Professor Peter Påhlsson, also at Linköping University, have identified a reagent for early detection of liver cancer. The goal is to verify this discovery for further development of test for use in clinics.
Chunde Li, M.D. and Surgeon at Karolinska University Hospital, shall develop a test based on gene signatures identified in prostate cancer tumours. The test is intended to allow a more individualized treatment of prostate cancer patients, thereby reducing unnecessary adverse effects.
Biotechnology solutions to our environmental problems resulted in two projects building upon research results from the Swedish University of Agricultural Sciences, SLU.
Assoc. prof. Anna
Photo: Ewa Ahlin
A Biogas microbial monitoring kit, able to detect incidents in biogas production before the biogas production is halted, is the goal for Associate Professor Anna Schnürer, SLU Uppsala. She has identified the key bacteria that need to be monitored in the biogas production. From this knowledge the project will develop analysis methods and later a monitoring kit. Once in place, biogas plants may be able to increase its production capacity with 10 - 50 %.
Nitrate leaching from fertilzing is considered as one of our major environmental threats today. Organic fertilizers would reduce the load, and the amino acid arginine has proved to be effective. Arginie availability is however limited, and its costs too high. Professor Torgny Näsholm, SLU Umeå, with a team of researchers from Stockholm University and Luleå University of Technology, have identified a method based on modern gene technology will to create arginine over-producing bacterial strains. The goal is to present a method for industrial production of arginine.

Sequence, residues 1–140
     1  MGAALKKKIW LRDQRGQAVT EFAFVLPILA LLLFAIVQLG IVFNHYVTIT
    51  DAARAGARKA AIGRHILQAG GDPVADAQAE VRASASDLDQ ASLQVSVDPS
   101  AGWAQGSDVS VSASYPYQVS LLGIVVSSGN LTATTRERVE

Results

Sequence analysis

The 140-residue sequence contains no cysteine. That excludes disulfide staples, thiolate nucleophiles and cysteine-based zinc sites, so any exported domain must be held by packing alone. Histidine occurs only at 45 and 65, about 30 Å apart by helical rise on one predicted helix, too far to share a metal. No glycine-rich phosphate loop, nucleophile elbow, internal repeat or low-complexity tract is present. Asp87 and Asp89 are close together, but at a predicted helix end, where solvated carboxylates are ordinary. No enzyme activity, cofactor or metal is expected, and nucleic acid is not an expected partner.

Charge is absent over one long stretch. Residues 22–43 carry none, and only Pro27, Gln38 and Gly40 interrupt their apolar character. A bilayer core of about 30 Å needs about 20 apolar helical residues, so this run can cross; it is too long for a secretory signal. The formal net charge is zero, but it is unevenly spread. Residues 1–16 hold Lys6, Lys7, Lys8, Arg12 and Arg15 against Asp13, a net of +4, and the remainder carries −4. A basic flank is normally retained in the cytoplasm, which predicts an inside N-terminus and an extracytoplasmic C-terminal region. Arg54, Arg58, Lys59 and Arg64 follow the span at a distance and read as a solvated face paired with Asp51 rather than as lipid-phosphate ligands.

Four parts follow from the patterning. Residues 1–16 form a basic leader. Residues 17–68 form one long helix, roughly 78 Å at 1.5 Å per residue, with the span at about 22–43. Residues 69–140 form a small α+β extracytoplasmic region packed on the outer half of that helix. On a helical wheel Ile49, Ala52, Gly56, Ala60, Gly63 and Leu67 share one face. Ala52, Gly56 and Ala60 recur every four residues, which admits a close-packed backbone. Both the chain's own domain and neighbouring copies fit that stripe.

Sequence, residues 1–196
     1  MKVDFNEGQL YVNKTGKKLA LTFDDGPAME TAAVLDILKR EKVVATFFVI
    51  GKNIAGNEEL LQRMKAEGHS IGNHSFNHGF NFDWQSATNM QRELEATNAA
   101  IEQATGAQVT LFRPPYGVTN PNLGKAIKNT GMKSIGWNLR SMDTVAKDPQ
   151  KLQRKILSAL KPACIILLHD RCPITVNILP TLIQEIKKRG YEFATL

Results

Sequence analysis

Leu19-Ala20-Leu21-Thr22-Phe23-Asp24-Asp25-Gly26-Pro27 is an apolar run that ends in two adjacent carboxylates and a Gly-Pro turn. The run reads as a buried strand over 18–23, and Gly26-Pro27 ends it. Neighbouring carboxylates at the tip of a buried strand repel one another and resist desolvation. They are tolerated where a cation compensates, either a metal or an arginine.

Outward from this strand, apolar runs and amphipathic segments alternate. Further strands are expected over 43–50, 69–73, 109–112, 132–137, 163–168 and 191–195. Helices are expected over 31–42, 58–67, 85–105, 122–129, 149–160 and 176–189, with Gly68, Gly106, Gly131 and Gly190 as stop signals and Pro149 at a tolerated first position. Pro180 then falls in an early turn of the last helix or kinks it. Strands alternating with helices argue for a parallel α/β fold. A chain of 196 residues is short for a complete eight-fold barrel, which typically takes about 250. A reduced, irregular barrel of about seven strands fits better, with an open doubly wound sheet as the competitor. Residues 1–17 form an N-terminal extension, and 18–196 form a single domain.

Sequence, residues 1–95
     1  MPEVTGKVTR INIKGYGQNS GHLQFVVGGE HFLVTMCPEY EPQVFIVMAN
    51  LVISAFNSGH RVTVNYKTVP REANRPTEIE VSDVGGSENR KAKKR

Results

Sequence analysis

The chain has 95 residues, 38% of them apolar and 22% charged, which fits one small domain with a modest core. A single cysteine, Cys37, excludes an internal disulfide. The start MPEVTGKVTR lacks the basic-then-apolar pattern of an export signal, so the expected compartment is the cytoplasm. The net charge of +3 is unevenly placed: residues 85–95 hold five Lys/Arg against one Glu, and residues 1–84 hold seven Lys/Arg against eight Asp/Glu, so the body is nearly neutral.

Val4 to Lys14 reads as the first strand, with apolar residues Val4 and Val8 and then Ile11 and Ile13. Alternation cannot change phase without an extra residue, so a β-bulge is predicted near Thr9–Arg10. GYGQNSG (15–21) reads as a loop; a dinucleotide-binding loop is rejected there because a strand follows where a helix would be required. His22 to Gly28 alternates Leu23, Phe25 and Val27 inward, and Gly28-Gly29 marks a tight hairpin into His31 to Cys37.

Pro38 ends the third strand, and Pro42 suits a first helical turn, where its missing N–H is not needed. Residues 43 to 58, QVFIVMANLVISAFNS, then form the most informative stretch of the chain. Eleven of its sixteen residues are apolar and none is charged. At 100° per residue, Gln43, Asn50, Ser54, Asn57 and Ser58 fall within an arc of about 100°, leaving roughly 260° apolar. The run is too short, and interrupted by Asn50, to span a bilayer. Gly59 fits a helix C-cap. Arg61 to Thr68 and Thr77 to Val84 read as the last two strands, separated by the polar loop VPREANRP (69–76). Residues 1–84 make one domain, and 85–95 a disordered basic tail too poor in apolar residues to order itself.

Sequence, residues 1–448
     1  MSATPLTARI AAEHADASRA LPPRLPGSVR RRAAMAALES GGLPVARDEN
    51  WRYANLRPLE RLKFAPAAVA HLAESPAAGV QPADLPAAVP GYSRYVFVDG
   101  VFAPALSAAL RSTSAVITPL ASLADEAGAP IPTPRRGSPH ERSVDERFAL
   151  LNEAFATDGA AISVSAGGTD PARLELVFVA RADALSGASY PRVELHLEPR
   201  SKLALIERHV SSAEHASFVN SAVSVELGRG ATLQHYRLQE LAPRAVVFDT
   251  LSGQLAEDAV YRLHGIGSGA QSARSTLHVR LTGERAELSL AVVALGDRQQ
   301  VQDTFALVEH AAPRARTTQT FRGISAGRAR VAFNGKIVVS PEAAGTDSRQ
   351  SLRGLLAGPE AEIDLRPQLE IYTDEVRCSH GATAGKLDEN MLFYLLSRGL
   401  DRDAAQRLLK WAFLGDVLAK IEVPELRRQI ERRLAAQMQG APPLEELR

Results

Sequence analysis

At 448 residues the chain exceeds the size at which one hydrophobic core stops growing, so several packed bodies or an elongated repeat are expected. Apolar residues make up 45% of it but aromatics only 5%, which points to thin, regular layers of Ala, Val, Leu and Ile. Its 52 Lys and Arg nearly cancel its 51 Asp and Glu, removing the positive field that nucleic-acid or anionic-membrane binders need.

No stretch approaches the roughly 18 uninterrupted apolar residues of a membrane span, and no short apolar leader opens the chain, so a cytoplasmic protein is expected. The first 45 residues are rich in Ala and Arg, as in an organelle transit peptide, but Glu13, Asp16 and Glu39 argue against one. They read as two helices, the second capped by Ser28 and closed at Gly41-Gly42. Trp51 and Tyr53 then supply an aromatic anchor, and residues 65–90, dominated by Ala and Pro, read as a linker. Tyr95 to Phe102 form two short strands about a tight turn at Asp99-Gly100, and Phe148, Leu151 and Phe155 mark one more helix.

Mast Cell Therapeutics was admitted to BIO-X in late 2008. The project involves the development of effective new forms of treatment tied to mast cells and involves researchers from the Swedish University of Agriculture and Uppsala university hospital.
Exits from BIO-X
Camdia developed highly sensitive techniques for ultra-sensitive biomarker detection, with special emphasis on colorectal cancer. Their results are today incorporated in Olink AB.
ModPro, offering binder molecules that are specifically tailored for each application, got a real take off as a result of the BIO-X project Lab-on-a-Chip/Point-of-Care.
Pain Management developed a new slow release platform for oral delivery of highly potent drugs. The project started a collaboration between one of Uppsala's pharma companies and a research unit of the department for material sciences at Uppsala University.
The use of microdosing, or phase 0 tests, is growing as a way to shorten drug development, by offering pharmacokinetic data from humans at an early stage. Accelerator Mass Spectrometry at Uppsala University makes it possible to measure extremely low levels of active substances and metabolites, at the zeptomol level. The project developed the system’s sensitivity and stability, and supported the development of its business as the company Zeptologix AB.
For further information on BIO-X and on current projects, please contact Dr Erik Forsberg, Uppsala BIO.